Kent kissed him again, because he could, because he had a boyfriend, because owning Jack's mouth was a somewhat reasonable substitute for licking every inch of him right now. Then he almost started anyway, nuzzling below Jack's ear. There were supposed to be sensitive spots here, he heard. "Then I'll do it again sometime." Jack moaned approval, but his eyes were also drooping shut; after a few more kisses Kent released him, and lay on his own side of the bed so Jack could sleep.
Jack turned off the light, and slept. Kent stared at the narrow strip of lights twinkling in desert blackness through the window, and smiled until his face hurt.
Kent woke at 5am on Christmas Eve morning next to his boyfriend. He really wanted to lie there and watch Jack sleep until he woke up, but after watching him for about ten minutes it occurred to Kent that Jack was two timezones behind him and might sleep for ages, while Kent himself was full of so much nervous energy and joy that it felt like he might explode. He tiptoed around the room, changing clothes and making coffee, and poured a cup and left it by Jack's head; but Jack still hadn't woken up by the time Kent was finished and changed. After extensive internal debate, Kent finally wrote Gone to the gym on hotel stationery and propped it up next to the coffee, very gently kissed Jack's sleeping cheek, and tiptoed out.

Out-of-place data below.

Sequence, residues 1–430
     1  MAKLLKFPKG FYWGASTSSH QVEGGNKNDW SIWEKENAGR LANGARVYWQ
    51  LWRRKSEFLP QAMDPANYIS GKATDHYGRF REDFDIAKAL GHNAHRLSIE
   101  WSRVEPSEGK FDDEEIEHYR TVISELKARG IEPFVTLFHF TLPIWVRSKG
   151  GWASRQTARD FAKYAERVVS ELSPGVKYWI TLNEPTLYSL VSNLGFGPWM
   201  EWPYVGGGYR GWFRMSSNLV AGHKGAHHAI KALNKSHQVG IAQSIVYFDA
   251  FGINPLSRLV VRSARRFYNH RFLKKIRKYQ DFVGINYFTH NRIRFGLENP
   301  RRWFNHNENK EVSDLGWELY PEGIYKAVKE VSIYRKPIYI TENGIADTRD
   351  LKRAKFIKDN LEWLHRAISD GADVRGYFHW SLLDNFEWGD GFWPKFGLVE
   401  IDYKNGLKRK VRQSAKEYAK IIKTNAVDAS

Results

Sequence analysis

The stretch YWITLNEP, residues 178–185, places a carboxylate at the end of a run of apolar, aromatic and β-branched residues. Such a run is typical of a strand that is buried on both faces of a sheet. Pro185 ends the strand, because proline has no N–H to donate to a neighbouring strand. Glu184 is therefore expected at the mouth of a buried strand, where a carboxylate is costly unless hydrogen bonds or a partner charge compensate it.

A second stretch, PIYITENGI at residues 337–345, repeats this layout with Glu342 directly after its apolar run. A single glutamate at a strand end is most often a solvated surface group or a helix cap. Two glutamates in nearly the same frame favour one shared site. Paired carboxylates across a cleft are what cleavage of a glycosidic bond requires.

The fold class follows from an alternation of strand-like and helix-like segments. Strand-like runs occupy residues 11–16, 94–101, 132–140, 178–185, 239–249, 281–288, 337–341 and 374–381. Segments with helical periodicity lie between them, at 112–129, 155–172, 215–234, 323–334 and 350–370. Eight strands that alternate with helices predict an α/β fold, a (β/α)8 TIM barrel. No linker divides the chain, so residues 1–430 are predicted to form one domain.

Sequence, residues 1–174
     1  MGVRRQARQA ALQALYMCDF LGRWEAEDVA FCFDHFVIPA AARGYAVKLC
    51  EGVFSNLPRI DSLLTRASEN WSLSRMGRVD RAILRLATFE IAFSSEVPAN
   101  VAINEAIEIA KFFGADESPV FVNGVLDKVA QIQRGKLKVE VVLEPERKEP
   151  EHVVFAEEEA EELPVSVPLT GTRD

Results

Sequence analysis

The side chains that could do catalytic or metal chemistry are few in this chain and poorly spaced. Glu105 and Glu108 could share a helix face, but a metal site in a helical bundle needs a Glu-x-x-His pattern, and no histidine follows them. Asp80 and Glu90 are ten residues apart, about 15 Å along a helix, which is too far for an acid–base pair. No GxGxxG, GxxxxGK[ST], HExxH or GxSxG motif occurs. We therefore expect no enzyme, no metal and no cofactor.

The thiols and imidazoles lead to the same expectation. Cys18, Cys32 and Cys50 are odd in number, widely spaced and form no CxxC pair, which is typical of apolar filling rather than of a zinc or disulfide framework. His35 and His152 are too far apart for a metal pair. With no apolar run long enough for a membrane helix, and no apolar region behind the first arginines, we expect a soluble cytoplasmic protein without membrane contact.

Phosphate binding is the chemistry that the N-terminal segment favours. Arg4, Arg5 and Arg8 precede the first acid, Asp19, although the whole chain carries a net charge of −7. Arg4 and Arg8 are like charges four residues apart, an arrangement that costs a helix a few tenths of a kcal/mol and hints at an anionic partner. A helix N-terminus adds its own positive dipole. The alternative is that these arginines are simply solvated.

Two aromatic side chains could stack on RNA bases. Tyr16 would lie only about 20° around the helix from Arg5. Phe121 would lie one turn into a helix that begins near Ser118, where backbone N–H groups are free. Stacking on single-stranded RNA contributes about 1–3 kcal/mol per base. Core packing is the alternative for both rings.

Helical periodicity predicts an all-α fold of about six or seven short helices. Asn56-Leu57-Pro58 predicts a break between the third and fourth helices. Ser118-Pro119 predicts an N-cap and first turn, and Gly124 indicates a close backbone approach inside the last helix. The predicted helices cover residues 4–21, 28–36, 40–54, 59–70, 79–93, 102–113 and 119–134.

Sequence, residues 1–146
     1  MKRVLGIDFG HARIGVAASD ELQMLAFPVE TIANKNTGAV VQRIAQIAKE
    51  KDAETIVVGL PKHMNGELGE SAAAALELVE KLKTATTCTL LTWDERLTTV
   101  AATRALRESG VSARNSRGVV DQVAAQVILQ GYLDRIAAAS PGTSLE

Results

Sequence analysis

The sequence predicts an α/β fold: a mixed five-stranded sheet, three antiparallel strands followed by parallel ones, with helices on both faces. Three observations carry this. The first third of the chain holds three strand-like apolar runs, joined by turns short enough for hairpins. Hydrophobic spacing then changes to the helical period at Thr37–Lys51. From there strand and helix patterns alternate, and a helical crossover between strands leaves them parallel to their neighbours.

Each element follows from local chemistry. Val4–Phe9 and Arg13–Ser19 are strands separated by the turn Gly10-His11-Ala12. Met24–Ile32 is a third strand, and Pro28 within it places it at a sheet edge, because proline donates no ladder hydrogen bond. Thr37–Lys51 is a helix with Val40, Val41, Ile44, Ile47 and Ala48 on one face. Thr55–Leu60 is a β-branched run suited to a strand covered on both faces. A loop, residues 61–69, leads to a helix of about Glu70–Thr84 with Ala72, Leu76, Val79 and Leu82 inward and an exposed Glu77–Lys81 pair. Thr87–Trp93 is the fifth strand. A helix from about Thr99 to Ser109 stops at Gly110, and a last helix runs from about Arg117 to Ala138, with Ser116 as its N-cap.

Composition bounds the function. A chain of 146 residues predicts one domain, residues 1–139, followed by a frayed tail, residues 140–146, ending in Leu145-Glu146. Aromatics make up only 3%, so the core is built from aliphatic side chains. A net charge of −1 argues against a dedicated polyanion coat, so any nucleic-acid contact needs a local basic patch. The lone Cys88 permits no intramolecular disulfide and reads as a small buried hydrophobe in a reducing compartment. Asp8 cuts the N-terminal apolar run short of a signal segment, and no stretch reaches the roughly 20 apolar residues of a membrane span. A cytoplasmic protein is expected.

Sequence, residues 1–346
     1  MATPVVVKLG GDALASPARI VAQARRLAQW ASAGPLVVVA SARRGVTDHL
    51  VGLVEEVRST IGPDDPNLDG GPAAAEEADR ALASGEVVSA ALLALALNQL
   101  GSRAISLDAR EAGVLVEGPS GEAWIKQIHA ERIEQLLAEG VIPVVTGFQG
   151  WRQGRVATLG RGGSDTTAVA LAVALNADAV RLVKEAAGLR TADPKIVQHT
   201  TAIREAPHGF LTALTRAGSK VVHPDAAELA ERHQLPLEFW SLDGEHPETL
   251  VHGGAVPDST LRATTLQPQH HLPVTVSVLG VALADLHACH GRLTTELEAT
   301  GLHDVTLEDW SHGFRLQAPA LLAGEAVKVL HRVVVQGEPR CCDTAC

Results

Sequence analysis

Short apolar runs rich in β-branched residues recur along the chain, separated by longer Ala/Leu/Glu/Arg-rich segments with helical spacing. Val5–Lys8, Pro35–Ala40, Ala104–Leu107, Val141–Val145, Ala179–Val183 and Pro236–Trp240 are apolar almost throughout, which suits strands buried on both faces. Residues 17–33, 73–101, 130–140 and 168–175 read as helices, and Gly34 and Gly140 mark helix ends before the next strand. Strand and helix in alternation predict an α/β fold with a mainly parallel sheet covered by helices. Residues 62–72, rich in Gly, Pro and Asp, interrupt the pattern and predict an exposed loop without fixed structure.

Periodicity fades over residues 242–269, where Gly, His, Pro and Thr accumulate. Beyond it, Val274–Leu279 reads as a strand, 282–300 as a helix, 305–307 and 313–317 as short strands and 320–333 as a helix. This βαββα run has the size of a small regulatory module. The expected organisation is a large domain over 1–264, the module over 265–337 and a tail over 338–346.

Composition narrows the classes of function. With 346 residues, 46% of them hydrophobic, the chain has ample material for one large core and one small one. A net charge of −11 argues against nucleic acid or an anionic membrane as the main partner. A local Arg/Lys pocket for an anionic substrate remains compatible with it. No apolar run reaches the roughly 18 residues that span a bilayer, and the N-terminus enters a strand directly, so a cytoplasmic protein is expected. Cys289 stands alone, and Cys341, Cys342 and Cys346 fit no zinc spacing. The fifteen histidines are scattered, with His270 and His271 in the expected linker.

Six kilometres and a workout later, he stopped at the juice bar on the mezzanine level just as they lifted the gate for the morning. He grinned for a selfie with the girl at the till, whose parents had sent her tickets to the Habs-Aces game as a Christmas present, and turned back just short of the elevators because Jack texted to say he was awake and wanted a smoothie too. He offered to pay for it with another selfie, but she just winked and gave it to him for free.
"I woulda waited for you downstairs," Kent said when he came back to the room. Jack made a face as he accepted his smoothie.